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Trump Tries to Comfort Las Vegas, Avoid Gun Control Debate

”America is truly a nation in mourning,“ president says

President Donald Trump, taking on his most difficult task yet as the nation’s consoler-in-chief, praised first responders, declined to talk gun laws, and assured Las Vegas that the entire nation mourns with the city.

Arriving with first lady Melania Trump, the president met with doctors who treated Sunday nights’ shooting victims and with some “absolutely terribly wounded” patients. He then met with emergency workers, including Clark County Sheriff Joseph Lombardo, to thank them for their “bravery” and “incredible” efforts.

“America is truly a nation in mourning,” the president said, three days after Stephen Paddock, firing from the 32nd floor of the Mandalay Bay hotel, opened fire on the crowd at a country music festival below. The bullets killed 59 people and wounded more than 500 others.

Asked about guns in America, he replied, “”We’re not going to talk about that today.”

Some residents, reeling from the last few days, weren’t sure what to make of the visit. Others were grateful.

“I thought it was a great honor that he would come and speak to us, especially so soon after the events,” Las Vegas Metropolitan Police Trooper Jeremy Tye, who was on the scene Sunday night, told reporters on Wednesday. “It was the greatest honor of my life so far.”

“As the leader of the United States of America, he should have come,” 27 -year-old Vegas resident Dimarko Shoulders told TheWrap. “But what good does that actually do?”

“He should have been here a lot quicker,” said one first responder, who asked not to be named because he was not authorized to speak to the media. “But I guess I understand.”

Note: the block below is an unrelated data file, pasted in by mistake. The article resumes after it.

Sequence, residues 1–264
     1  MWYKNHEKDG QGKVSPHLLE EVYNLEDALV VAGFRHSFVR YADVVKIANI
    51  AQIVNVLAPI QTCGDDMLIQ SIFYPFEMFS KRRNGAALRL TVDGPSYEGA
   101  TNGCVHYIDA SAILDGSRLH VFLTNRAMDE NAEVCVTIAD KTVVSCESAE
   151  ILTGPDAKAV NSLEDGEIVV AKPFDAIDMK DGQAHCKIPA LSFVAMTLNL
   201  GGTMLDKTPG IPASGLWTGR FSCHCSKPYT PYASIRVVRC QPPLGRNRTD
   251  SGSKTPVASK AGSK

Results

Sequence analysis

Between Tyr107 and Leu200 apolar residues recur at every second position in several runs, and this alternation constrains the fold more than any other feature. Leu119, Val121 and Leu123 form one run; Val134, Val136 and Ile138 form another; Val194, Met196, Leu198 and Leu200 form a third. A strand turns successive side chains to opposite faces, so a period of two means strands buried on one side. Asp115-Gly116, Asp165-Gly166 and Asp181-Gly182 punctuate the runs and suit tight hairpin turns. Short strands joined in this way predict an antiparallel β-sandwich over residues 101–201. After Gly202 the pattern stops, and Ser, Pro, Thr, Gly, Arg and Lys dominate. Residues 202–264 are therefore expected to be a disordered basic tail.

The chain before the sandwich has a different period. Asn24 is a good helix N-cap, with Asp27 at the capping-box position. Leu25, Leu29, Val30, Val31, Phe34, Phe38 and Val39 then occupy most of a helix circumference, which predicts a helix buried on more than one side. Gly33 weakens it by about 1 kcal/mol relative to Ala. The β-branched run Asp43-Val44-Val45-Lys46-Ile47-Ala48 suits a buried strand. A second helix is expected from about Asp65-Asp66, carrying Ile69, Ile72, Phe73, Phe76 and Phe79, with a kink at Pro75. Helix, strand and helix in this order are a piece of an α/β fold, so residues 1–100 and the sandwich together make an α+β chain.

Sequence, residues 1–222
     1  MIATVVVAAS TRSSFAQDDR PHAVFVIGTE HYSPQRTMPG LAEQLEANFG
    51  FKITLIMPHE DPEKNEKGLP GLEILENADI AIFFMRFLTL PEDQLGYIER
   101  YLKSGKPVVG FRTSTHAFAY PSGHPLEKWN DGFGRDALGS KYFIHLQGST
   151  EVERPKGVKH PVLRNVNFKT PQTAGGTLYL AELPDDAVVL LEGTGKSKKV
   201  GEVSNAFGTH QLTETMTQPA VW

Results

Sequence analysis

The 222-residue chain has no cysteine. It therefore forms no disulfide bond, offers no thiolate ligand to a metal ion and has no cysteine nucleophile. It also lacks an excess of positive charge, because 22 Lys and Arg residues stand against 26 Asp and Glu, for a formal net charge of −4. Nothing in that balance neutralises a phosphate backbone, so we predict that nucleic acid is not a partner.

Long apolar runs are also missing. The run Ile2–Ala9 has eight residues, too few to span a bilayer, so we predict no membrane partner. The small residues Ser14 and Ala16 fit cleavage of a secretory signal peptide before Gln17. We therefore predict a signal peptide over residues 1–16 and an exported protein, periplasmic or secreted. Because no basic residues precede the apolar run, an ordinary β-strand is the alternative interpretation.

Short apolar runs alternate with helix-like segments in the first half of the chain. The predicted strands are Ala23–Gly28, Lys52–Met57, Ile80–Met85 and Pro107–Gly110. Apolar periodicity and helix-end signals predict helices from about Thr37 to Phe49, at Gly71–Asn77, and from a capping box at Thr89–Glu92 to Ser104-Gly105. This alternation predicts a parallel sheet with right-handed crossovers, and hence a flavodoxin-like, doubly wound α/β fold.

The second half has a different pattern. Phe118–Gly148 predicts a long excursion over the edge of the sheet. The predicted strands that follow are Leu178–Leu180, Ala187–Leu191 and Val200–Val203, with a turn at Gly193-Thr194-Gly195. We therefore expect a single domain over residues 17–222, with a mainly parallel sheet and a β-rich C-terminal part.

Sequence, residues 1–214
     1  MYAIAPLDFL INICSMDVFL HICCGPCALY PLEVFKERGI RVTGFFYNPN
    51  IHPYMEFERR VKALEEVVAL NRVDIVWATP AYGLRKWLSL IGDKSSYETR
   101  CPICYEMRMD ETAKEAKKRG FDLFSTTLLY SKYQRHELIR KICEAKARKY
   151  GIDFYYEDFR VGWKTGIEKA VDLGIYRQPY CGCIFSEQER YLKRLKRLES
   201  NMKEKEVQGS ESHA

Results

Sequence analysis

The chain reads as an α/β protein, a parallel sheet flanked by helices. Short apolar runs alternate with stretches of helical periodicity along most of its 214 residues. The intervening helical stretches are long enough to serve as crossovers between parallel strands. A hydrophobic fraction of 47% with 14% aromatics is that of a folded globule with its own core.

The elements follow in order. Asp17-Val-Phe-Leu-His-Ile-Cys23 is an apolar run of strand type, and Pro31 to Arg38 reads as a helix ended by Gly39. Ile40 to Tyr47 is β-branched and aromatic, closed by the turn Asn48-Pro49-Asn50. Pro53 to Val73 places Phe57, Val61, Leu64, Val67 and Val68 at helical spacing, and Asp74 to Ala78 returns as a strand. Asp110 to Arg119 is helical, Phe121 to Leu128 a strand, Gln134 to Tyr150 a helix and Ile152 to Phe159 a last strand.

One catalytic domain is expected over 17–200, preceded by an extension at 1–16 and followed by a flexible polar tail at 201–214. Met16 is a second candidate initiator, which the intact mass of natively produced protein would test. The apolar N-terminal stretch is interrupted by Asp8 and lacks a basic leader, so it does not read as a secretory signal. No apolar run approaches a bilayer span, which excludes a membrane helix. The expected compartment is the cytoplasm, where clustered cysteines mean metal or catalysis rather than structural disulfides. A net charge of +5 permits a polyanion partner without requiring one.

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Robyn Rafail lays flowers at an impromptu memorial in Las Vegas (Photo: Itay Hod)

On Las Vegas Boulevard, beverage sales manager Robyn Rafail left a bouquet of flowers at a makeshift memorial near the site of the killings. Her accompanying card read: “Wishing you peace and healing in this sad time.”

“Anyone who can come, should come,” she told TheWrap. “They need to see this.”

Rafail said she was pro-gun but that Sunday’s tragedy has “shifted” her belief, making her more “open to talking about gun control.” She and her husband moved to Vegas from California three years ago because they were looking for a more communal experience and a better life.

“You never think something like this could happen to your town,” she said. “And then it does.”

A Luxor casino worker, who asked not to be named because she was not authorized to speak to reporters, said she was torn about Trump’s visit.

“I obviously don’t agree with a lot of things he said,” she told TheWrap. “It’s hard to process it when so much is going on right now.”